7. These events exposed the graphite moderator of the reactor to air, causing it to ignite. The resulting fire sent a plume of highly radioactive smoke fallout into the atmosphere The plume drifted over large parts of the western Soviet Union and Europe • This estimates the number of deaths potentially resulting from the accident: Thirty one deaths are directly attributed to the accident, all among the reactor staff and emergency workers. • The World Health Organization (WHO) suggests it could reach 4,000 civilian deaths, a figure which does not include military clean-up worker casualties. • Since then, there have been up to ten deaths from thyroid cancer due to the accident although it is estimated that this number could increase.

  8. Chernobyl Accident

  9. Routine Radioactive Emissions • A nuclear power plant routinely passes some radioactivity to the air and to the water outside it. • Some fission products are released into the atmosphere. • The emissions of the most common forms of spontaneous radioactive decay are the alpha (α) particle, the beta (β) particle, the gamma (γ) ray, and the neutrino. • According to studies, current levels of routine emissions from nuclear power plants may shorten one’s life span, just as other causes do: being overweight, smoking, living in the city.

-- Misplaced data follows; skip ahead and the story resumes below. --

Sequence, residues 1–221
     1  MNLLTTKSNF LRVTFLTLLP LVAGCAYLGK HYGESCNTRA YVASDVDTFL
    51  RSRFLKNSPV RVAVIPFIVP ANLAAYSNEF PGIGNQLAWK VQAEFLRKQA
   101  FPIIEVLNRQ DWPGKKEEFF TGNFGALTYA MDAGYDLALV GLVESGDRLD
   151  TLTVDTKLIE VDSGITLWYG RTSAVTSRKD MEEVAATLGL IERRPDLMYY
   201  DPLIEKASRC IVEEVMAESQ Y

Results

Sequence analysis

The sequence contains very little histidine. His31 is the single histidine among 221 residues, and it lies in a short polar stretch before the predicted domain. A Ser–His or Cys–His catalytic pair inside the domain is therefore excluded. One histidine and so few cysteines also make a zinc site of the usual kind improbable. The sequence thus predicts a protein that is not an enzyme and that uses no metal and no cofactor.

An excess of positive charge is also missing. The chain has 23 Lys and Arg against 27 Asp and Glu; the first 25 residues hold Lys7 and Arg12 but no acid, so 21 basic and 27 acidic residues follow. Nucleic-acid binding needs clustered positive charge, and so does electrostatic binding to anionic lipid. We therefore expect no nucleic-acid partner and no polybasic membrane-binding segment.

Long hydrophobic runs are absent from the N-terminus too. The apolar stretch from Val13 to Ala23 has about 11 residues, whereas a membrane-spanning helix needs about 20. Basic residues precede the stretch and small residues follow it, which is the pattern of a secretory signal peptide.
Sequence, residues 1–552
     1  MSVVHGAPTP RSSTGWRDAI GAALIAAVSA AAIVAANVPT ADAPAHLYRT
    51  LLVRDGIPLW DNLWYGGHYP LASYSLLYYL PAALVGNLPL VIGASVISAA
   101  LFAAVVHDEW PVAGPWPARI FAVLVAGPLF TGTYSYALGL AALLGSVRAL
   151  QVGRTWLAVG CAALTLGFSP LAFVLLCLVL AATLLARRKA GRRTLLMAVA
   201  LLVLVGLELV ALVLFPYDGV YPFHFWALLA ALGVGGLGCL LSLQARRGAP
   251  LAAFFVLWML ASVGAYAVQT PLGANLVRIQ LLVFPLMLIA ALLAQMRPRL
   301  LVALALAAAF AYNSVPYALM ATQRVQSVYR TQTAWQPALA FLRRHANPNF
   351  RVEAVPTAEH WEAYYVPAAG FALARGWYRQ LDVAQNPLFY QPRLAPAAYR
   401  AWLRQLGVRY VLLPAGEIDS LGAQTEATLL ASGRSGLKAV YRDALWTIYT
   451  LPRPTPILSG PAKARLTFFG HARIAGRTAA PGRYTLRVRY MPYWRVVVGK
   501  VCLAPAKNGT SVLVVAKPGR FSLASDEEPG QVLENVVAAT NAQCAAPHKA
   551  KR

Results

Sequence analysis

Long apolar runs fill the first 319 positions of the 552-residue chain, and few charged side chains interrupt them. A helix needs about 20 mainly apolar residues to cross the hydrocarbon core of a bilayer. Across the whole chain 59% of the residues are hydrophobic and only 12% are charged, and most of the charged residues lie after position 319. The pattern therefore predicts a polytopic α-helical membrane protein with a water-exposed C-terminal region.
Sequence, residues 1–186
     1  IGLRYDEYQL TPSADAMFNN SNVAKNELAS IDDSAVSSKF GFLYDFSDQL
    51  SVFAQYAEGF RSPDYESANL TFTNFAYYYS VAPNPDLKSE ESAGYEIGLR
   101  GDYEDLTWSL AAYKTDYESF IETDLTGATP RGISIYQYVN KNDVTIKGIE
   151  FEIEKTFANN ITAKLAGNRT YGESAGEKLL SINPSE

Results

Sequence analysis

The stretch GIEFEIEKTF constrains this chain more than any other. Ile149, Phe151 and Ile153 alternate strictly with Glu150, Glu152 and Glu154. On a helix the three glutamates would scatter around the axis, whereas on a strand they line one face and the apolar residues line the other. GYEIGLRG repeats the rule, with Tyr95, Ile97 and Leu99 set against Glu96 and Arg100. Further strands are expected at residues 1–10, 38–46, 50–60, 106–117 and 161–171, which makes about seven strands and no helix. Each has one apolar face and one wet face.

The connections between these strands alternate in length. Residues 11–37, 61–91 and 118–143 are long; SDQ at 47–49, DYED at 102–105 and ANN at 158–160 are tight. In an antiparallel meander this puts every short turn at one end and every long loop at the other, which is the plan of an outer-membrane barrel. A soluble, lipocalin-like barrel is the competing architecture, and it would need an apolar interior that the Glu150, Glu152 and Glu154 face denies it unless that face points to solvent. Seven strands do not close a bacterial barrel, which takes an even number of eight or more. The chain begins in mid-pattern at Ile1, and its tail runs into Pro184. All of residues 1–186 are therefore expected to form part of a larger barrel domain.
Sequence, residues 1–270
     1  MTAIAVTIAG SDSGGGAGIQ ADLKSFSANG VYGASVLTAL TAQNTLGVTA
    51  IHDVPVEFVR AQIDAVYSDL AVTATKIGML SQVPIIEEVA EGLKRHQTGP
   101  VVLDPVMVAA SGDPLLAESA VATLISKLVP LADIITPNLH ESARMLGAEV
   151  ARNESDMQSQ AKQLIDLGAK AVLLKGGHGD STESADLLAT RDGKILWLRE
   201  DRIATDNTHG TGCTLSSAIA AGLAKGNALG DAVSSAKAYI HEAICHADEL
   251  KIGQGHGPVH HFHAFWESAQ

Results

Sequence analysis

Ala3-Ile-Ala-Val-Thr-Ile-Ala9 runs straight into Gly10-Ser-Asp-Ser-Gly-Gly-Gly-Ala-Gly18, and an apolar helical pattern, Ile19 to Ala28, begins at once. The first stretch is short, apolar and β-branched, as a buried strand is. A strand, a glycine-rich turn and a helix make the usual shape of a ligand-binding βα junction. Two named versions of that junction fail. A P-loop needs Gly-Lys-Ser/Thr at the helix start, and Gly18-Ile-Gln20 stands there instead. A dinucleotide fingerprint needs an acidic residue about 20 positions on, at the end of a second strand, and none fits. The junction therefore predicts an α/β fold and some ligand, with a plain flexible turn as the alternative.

10. Radioactive Wastes • are wastes that contain radioactive material. Radioactive wastes are usually by-products of nuclear power generation and other applications of nuclear fission or nuclear technology, such as research and medicine. • The period of time waste must be stored depends on the type of waste. Low-level waste with low levels of radioactivity per mass or volume (such as some common medical or industrial radioactive wastes) may need to be stored for only hours, days, or months, while high-level wastes must be stored for thousands of years. • A typical 1000 MV thermal nuclear reactor produces around 30 tons of spent fuel rods.

  11. Processing radioactive wastes in a nuclear facility

  12. Three general principles in the management of radioactive wastes: delay and decay, dilute and disperse and concentrate and contain. • Waste disposal and the radioactive curve • Current major approaches to managing radioactive waste have been segregation and storage for short-lived wastes, near-surface disposal for low and some intermediate level wastes, and deep burial or transmutation for the long-lived, high-level wastes. • The decay portion may need to wait up to 250,000 years.

  13. Thermal Pollution • Thermal pollution is the degradation of water quality by any process that changes ambient water temperature. • A common cause of thermal pollution is the use of water as a coolantby power plants and industrial manufacturers. When water used as a coolant is returned to the natural environment at a higher temperature, the change in temperature decreases oxygen supply, and affects ecosystem composition. • When a power plant first opens or shuts down for repair or other causes, fish and other organisms adapted to particular temperature range can be killed by the abrupt change in water temperature known as "thermal shock.“

  14. The End

  15. Submitted by: KathrinaMaliño Diana Mamawal Joanne Ngojo